14th Jun2019

‘Tolkien’ Review

by Jak-Luke Sharp

Stars: Nicolas Hoult, Lily Collins, Colm Meaney, Craig Roberts, Harry Gilby, Laura Donnelly, Nia Gwynne, Pam Ferris | Written by David Gleeson, Stephen Beresford | Directed by Dome Karukoski


Tolkien, directed by Dome Karukoski, stars Nicolas Hoult as the titular character J.R.R. Tolkien. From his orphan beginnings through his rise in literature societies Britain and eventually the breadcrumb origins of his famed middle earth magnum opus The Lord of the Rings, he would eventually write. Tolkien, unfortunately, is a much-misaligned biopic that’s an ultra-conventional bore.

The performances no doubt intrigue with Hoult impressing but the actor along with Collins, both have nothing to do with such flat and generic material. Hoult showcases some terrific talent here. Especially in the latter half of the film. His emotional range is strong and as an actor, Hoult is still continuing to progressively hone his craft, and here is no different. He still struggles to wrap an audience around his finger, but he successfully provides a satisfying level of screen presence. His charm falters slightly (more so due to the material he’s working with) but he injects a strong level of personality into this flat role. His on-screen chemistry with Collins is up and down. The emotional connection on the basis of love is slightly obtuse. One minute their relationship is a profoundly engaging set piece and in the next, it’s almost as if they’re starting all over again from scratch, much to the disdain of the audience. Having to build up from nothing and take the audience through it all over again, repeatedly and so on, so forth.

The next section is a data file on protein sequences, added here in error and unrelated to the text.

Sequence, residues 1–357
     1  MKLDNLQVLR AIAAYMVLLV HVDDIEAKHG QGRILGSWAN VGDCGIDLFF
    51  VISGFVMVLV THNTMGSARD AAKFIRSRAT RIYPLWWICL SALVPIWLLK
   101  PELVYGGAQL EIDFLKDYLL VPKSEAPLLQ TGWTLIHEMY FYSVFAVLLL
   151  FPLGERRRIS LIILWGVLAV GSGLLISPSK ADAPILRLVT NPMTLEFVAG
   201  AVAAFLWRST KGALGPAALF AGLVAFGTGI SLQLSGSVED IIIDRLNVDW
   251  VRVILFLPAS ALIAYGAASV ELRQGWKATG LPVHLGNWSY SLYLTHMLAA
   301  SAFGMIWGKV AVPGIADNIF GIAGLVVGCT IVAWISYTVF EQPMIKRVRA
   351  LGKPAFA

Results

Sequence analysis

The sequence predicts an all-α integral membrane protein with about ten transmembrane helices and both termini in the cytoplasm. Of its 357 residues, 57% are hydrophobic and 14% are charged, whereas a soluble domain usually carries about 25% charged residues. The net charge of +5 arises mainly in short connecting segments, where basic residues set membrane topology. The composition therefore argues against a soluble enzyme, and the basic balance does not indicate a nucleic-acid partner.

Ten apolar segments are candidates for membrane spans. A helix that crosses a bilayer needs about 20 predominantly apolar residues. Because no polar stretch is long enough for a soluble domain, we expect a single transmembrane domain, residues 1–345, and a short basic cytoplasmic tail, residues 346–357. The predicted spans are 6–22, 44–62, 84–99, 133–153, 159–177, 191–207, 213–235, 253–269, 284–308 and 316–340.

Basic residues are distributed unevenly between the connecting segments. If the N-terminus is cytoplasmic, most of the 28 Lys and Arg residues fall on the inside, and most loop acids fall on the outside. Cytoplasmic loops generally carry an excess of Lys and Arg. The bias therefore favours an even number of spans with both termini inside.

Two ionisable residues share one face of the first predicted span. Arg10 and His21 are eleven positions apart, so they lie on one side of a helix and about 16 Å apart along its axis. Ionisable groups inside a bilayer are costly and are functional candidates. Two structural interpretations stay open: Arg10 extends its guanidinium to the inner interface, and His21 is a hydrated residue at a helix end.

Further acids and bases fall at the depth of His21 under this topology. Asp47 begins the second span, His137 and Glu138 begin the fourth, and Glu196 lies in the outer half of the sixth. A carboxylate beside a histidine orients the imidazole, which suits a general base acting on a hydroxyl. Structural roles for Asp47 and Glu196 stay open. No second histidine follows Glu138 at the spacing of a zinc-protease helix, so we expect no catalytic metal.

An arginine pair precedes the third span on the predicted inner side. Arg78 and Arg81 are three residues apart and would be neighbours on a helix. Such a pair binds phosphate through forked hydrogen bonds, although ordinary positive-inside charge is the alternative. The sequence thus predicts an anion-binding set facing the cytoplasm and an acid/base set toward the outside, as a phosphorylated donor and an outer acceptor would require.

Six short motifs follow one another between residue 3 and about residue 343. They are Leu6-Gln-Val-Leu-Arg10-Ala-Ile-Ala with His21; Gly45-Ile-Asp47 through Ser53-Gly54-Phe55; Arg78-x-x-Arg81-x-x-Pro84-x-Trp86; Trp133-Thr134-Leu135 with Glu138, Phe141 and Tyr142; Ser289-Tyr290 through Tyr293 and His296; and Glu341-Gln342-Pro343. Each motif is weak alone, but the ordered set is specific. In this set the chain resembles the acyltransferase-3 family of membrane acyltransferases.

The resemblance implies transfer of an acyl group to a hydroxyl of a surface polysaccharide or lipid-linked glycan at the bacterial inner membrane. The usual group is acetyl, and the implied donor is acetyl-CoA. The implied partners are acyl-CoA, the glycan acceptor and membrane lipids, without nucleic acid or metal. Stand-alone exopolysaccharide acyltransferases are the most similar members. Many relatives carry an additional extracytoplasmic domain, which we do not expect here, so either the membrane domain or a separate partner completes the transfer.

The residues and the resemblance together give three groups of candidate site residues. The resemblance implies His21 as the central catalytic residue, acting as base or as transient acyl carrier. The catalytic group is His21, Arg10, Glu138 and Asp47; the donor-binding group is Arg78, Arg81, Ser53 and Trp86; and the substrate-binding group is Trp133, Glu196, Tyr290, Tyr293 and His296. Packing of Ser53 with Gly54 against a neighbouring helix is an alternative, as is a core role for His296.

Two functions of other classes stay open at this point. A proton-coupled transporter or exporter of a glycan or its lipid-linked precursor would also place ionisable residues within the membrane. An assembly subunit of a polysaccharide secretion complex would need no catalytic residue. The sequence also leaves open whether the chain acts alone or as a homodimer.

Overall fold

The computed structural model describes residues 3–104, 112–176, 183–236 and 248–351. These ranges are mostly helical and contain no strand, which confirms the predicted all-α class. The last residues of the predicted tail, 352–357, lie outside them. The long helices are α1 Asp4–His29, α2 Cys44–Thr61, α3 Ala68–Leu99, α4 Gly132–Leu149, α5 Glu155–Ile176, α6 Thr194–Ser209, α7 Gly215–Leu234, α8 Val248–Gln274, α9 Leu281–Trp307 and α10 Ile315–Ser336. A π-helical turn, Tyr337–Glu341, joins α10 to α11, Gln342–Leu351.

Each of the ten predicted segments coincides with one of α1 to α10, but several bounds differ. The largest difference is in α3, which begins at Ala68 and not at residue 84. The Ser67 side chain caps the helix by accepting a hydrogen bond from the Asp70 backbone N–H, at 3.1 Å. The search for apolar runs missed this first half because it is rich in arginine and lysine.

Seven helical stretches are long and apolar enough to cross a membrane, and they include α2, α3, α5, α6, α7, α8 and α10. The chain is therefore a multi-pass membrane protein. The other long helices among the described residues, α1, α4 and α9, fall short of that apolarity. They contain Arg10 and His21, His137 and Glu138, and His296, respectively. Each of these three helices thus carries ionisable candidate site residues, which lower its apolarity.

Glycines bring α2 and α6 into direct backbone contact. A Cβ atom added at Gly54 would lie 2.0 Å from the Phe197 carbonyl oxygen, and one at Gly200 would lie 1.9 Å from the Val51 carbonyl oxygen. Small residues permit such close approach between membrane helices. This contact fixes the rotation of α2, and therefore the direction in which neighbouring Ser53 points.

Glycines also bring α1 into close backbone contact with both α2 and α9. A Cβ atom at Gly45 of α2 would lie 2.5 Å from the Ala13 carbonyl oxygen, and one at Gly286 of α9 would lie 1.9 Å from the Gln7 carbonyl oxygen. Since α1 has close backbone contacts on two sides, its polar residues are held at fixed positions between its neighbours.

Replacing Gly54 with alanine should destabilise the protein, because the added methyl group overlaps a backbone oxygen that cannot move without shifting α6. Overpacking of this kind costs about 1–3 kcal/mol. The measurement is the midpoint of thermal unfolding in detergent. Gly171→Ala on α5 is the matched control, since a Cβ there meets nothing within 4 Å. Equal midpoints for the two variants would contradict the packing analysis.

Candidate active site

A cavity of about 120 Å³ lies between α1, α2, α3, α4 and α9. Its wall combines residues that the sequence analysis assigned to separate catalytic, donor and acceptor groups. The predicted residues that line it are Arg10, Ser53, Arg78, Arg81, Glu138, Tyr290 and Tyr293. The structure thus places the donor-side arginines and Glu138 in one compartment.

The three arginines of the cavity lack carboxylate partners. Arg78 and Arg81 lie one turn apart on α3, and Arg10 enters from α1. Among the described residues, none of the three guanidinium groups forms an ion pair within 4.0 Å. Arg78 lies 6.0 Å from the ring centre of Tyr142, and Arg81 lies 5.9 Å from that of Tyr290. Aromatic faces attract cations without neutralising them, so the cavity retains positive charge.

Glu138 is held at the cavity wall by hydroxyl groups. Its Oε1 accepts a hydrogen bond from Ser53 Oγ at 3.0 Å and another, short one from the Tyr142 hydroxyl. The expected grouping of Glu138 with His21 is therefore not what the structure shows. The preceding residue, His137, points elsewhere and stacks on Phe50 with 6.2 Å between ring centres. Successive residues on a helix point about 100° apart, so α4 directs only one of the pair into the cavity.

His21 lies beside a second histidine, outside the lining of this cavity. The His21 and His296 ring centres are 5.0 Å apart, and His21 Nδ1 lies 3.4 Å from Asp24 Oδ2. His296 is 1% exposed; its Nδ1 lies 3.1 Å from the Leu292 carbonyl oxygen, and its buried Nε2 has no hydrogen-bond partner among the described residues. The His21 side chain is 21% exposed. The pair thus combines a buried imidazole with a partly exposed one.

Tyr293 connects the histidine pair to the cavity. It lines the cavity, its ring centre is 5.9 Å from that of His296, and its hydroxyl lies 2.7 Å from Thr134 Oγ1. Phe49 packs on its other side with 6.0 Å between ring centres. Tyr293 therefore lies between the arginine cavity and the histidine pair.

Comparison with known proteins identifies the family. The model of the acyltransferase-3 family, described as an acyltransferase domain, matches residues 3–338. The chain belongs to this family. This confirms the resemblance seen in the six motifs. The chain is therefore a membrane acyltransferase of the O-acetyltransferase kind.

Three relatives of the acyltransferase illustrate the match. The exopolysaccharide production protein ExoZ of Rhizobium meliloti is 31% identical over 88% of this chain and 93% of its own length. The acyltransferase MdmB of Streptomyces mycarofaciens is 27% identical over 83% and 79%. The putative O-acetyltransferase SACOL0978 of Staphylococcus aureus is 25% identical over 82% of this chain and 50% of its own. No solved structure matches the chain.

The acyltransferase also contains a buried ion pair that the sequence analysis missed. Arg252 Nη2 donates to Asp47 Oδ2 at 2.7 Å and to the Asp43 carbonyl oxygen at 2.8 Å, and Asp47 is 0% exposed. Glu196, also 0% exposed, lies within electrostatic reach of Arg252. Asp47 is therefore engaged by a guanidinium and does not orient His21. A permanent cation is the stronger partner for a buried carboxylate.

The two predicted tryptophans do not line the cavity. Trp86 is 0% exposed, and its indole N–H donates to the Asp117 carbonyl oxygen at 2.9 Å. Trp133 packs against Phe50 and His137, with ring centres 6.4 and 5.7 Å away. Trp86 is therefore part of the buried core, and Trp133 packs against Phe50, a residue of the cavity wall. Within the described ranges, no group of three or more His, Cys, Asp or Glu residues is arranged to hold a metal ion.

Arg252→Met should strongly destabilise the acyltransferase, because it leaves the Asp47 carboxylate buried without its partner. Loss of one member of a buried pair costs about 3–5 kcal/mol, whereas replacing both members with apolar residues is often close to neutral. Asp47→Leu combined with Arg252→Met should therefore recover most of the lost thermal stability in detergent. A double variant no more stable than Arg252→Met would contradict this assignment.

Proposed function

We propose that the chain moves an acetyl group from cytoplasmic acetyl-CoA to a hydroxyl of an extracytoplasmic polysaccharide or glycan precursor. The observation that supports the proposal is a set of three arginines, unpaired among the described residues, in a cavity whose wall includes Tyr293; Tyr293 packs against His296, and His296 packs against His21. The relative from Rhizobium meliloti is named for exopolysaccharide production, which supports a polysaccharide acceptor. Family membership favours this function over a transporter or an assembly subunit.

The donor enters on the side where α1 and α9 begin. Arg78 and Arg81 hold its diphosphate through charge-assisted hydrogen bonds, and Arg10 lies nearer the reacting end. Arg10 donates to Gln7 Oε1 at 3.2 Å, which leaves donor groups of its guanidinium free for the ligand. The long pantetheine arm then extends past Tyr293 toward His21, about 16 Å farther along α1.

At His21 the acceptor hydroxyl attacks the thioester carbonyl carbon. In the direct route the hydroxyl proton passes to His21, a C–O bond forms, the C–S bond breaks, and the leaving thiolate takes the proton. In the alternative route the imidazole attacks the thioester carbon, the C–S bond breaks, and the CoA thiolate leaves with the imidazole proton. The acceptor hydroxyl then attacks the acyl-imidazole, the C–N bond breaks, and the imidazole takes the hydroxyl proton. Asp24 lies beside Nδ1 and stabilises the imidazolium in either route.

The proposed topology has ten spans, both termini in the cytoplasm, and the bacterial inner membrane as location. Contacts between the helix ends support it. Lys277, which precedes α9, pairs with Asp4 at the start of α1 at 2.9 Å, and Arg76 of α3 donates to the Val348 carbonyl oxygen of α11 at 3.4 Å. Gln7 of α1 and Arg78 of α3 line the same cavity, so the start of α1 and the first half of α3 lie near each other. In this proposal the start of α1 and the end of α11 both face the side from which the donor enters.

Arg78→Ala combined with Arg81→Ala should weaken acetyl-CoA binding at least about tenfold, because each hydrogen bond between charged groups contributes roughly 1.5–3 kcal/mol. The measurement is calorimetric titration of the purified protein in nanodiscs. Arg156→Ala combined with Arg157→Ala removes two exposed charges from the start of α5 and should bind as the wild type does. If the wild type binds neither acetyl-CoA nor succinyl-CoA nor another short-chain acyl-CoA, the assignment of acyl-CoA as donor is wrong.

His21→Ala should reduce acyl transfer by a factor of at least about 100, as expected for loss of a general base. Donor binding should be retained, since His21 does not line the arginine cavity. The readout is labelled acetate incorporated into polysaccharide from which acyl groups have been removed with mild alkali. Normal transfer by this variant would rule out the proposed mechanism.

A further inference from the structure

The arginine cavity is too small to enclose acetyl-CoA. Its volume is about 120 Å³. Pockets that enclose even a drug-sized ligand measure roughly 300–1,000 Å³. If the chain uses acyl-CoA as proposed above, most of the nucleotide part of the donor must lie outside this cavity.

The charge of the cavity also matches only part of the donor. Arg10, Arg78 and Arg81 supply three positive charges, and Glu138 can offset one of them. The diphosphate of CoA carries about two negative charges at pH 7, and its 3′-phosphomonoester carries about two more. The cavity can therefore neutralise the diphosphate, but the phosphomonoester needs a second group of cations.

Lily Collins as muse and partner Edith Bratt is sadly lost in all the commotion of what Karukoski’s film wants to showcase. Collins character is meant to on paper provide the catalyst of Tolkien’s dedication to his craft, but the screenplay from writers David Gleeson and Stephen Beresford, provides no real insight or depth for Collins to dig deep and revel in providing. The result is an incredibly lacklustre and one-note performance that serves as a simplistic plot point rather than a living breathing embodiment of a character.

There are slight highlights, namely the score, which is chilling at times from composer Thomas Newman, or the cinematography by Lasse Frank Johannessen, specifically during the WWI sequences. However, Tolkien simply fails to motivate the viewer from not falling asleep almost instantly. There is nothing here that’s remotely interesting. Nothing that digs deep and showcases the humanity of any character present. Zero layers of weight engulf this bland picture. What’s more absurd and highly irregular is how the film fluffs its lines in actually evoking the talent of what Tolkien had. You’re never given a sense of the scale or the scope of such a literary giant achieved.

Tolkien is a truly wasted opportunity to highlight an incredible talent.


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